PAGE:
NASA Earth's Light

Credit Data courtesy Marc Imhoff of NASA GSFC and Christopher Elvidge of NOAA NGDC. Image by Craig Mayhew and Robert Simmon, NASA GSFC.

 

This image of Earth’s city lights was created with data from the Defense Meteorological Satellite Program (DMSP) Operational Linescan System (OLS). Originally designed to view clouds by moonlight, the OLS is also used to map the locations of permanent lights on the Earth’s surface.

 

The brightest areas of the Earth are the most urbanized, but not necessarily the most populated. (Compare western Europe with China and India.) Cities tend to grow along coastlines and transportation networks. Even without the underlying map, the outlines of many continents would still be visible. The United States interstate highway system appears as a lattice connecting the brighter dots of city centers. In Russia, the Trans-Siberian railroad is a thin line stretching from Moscow through the center of Asia to Vladivostok. The Nile River, from the Aswan Dam to the Mediterranean Sea, is another bright thread through an otherwise dark region.

 

Even more than 100 years after the invention of the electric light, some regions remain thinly populated and unlit. Antarctica is entirely dark. The interior jungles of Africa and South America are mostly dark, but lights are beginning to appear there. Deserts in Africa, Arabia, Australia, Mongolia, and the United States are poorly lit as well (except along the coast), along with the boreal forests of Canada and Russia, and the great mountains of the Himalaya.

 

 

NASA Goddard Space Flight Center is home to the nation's largest organization of combined scientists, engineers and technologists that build spacecraft, instruments and new technology to study the Earth, the sun, our solar system, and the universe.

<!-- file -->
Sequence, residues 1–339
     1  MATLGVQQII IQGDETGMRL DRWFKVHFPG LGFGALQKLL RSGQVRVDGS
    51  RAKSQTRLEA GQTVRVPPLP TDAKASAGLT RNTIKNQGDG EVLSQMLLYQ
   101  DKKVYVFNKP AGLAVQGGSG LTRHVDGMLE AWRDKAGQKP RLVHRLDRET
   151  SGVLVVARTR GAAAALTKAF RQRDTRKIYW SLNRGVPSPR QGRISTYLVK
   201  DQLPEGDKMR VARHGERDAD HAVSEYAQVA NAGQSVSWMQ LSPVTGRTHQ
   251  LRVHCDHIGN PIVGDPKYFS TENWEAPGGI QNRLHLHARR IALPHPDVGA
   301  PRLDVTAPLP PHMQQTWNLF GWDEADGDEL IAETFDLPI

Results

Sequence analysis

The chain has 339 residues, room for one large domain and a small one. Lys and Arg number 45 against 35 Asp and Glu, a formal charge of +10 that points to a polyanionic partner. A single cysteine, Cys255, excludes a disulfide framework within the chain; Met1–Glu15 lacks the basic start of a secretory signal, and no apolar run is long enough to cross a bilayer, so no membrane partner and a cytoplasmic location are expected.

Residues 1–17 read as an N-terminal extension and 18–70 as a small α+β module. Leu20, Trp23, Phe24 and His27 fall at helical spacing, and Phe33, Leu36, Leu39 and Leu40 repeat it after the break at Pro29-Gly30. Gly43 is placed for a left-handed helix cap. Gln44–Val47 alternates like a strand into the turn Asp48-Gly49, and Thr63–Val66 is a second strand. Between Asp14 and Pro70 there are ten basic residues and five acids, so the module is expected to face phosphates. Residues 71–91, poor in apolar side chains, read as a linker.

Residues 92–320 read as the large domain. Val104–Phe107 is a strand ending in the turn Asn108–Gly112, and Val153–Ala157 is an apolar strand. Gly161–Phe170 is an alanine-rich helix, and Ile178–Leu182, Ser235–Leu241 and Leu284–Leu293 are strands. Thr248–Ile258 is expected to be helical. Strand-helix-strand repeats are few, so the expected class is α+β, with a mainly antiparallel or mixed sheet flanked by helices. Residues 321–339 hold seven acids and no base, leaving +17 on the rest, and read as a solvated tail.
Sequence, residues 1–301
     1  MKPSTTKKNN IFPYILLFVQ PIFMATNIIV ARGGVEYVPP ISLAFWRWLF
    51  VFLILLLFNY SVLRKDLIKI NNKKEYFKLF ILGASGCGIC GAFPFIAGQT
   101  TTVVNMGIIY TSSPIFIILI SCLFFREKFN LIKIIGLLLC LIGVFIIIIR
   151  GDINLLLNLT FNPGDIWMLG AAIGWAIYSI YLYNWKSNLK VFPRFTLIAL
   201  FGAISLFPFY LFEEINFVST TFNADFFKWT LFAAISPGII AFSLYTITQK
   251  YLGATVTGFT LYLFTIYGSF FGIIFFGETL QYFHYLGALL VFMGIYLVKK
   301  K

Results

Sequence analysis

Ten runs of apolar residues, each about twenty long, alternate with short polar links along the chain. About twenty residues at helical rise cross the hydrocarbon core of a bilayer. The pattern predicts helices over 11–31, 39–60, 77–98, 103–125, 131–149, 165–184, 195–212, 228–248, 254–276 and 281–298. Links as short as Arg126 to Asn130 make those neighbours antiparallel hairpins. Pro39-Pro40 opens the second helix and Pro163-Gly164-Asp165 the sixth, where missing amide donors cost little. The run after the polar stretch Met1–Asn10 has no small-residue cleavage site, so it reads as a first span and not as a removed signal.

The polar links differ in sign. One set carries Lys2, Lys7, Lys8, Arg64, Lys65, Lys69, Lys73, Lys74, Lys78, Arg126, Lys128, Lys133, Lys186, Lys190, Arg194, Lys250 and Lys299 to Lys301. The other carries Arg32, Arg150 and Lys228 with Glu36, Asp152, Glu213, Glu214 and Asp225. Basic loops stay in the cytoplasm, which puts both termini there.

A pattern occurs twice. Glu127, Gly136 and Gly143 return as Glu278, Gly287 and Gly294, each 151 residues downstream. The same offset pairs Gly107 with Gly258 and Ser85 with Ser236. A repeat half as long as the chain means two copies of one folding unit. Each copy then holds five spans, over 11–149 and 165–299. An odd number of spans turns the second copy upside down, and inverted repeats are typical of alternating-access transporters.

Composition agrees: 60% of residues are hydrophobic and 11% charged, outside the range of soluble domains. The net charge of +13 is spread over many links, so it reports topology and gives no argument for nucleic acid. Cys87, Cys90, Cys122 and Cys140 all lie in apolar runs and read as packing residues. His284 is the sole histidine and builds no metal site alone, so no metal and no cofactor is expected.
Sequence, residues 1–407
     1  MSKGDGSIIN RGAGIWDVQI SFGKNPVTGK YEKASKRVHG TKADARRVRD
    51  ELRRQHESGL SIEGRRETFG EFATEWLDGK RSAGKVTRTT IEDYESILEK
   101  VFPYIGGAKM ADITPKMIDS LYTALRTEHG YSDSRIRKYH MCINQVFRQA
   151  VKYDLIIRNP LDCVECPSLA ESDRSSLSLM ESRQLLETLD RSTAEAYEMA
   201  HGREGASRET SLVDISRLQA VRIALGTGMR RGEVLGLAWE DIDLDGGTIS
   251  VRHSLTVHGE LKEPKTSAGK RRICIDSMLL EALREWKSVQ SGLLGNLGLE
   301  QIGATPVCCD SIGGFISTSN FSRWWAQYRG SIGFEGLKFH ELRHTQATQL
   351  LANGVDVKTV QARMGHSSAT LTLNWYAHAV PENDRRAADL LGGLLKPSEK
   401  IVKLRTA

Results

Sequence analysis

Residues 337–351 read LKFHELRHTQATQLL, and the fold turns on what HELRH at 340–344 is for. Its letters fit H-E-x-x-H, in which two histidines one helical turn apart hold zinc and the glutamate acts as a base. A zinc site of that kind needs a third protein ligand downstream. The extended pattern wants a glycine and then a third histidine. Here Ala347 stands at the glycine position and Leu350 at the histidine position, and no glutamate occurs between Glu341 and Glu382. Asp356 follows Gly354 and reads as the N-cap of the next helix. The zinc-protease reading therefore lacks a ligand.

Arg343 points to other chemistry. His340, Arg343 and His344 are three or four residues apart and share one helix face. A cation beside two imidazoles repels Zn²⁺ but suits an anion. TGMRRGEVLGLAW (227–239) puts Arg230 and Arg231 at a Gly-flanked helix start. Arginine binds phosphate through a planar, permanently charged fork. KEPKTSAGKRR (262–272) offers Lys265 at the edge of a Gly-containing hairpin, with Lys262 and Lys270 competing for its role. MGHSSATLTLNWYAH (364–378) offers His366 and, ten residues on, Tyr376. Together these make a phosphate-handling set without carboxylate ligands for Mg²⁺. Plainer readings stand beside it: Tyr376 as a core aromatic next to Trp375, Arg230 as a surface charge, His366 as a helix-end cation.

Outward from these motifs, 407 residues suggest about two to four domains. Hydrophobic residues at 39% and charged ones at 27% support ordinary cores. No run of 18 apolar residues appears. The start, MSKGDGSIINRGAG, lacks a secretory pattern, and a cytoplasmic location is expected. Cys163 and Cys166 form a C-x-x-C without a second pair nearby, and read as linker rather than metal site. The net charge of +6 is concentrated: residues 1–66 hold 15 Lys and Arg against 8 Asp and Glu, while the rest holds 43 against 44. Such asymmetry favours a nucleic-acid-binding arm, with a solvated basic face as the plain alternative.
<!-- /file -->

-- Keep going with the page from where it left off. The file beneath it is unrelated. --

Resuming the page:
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  • lucky leprechaun 5y

    no wonder they call africa the dark continent
  • URBAN SOULE 5y

    amazing picture!
  • CO!MBRA 5y

    This is just amazing...
  • o_r_i_t 5y

    This is one of the images of Earth that I love most.
  • Sociolingo Africa 5y

    Hi, thanks for this photo. I have used it to illustrate a post on SocioLingo Africa (with attribution). Here's the link:
    www.sociolingo.com/2010/09/space-policies-for-africa
  • Jason Major 4y

    I don't know whether it's more amazing how many places are still dark, or how much we have illuminated the rest of the world in "only" about 100 years. It's really not that long of a time for so many changes humans have made.
  • Jamie Ball 4y

    Too much light pollution!
  • James Moore 4y

    This is AWESOME.
  • Mauro (A) 4y

    :) waaao
  • EL_KAB0NG 4y

    I have a poster of this currently on the wall of my office. It's called The Brilliant Earth and you can tell just by looking at the differences between the two, that it must have been taken quite some time ago...
    Brilliant Earth by EL_KAB0NG
  • Agubben 4y

    Interesting, I expected Australia to be more lit up...
  • eec_iv 4y

    Another area that is dark - North Korea. Political boundaries influence the map also.
  • Denise 4y

    Stunning! I used your image here
    Merry Christmas World
    Thank you!
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Taken on February 25, 2010
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